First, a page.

Then, what could marketers do to help people enjoy their experience? One suggestion is that when customers experience the option, they are reminded which one was chosen. For instance, if the option name is shown, customers will be able to keep focused on it.

Nekkid Wings is a chicken wing restaurant in Seoul, Korea. Customers select one out of twelve flavors for a bucket of five wings. Some flavors are safe (e.g., classic buffalo) and others are risky (e.g., parmesan garlic). Most customers order multiple buckets and try safe and risky flavors together. The flavor names printed on the paper help customers focus on which flavor they are testing.

West, P. M., Brown, C. L., & Hoch, S. J. (1996). Consumption Vocabulary and Preference Formation. Journal of Consumer Research, 23(2), 120–135.

Consumers’ understanding of their own preferences can be aided by a “consumption vocabulary”—a taxonomy or framework that facilitates identifying the relation between a product’s features and one’s evaluation of the product. In the absence of such a vocabulary, consumers’ understanding of their own preferences will require more extensive experience and may never fully develop. The effect of such a vocabulary is tested in two experiments in which subjects provided with a vocabulary (1) exhibit better-defined and more consistent preferences than control subjects, (2) show improved cue discovery, and (3) show learning (i.e., increases in consistency over time). All results hold regardless of the functional form of the model used to assess subjects’ preference formation.

Traffic light labels help us drink less wine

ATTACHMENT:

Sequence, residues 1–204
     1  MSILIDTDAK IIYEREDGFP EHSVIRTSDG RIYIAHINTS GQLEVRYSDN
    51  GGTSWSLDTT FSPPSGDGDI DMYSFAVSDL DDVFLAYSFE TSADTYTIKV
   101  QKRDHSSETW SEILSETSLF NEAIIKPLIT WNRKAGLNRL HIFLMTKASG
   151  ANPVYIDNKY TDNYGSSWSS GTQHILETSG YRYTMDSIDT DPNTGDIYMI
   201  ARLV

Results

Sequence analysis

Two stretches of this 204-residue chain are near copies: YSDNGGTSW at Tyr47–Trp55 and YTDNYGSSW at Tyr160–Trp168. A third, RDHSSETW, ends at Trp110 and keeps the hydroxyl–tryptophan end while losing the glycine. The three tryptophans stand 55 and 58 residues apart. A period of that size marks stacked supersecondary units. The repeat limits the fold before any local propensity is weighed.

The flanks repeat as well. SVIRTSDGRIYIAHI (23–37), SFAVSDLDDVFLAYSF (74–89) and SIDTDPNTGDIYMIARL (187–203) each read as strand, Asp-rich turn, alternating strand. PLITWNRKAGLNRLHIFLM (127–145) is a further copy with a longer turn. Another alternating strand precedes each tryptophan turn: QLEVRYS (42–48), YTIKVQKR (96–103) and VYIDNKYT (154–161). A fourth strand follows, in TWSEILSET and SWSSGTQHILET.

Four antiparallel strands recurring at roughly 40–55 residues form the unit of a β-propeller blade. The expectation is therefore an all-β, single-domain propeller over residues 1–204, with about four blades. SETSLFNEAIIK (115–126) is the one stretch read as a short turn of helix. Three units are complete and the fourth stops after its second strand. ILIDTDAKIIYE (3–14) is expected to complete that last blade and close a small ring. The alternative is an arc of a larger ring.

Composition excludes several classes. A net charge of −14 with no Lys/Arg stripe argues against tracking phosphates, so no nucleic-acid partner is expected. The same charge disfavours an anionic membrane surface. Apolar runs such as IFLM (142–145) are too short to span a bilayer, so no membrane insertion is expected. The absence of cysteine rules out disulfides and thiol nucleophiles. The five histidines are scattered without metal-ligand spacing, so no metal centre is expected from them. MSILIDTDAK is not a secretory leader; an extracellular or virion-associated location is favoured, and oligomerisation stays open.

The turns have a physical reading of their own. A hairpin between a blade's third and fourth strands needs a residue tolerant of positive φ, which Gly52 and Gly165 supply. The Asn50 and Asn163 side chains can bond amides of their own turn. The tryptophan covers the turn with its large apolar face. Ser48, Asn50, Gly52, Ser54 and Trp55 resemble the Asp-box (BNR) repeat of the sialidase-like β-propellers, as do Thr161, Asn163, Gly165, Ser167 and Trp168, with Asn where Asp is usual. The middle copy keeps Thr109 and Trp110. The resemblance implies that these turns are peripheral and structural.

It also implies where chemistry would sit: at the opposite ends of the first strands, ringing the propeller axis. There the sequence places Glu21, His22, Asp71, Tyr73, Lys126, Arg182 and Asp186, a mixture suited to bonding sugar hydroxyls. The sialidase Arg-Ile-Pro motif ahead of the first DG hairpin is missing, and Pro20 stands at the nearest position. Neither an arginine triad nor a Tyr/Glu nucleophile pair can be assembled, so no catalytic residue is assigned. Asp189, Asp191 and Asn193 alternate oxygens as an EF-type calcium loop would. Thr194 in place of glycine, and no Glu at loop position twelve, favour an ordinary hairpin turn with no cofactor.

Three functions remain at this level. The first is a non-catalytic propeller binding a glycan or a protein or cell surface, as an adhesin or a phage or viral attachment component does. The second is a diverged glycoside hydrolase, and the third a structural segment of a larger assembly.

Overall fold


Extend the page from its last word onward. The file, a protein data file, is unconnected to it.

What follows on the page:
People often do things while drunk that they regret when they sober up. Opening expensive wines is one of them. In order to solve this problem and, more academically speaking, to overcome the hot-cold empathy gap (proposed by George Loewenstein), I adopted traffic light system.

I place red sticky notes on the definitely expensive wines that I should NOT open while drunk. Yellow sticky notes go for the relatively expensive wines that I stop and, hopefully, think once more while drunk. Daily wines have no sticky notes. Thanks to this simple traffic light system, I regret less in the morning. 🙂

DML_Wine label

Blue iced tea is popular

20130731_Ice tea @ Seoul

Color determines food judgment. According to Hoegg and Alba (2007), for instance, the brightness of an orange juice affects people’s taste discrimination more strongly than its brand name (e.g., Tropicana or Winn-Dixie) or its price information. Food judgment is probably influenced by the hue and saturation of the food as well.

Recently, I find some stores selling blue-colored iced tea. This unexpected color may attract significant attention among those who do not drink teas or who is visually attentive such as kids. However, most adults around me infer it as a poor-quality fake beverage because, they believe, tea is supposed to be orange rust or brown regardless of its temperature. This suggests that changing the color of a given product enables designers and marketers to pursue a new market by sacrificing their traditional market.

Surprisingly, there exists a green wine called Vinho Verde in the world! 🙂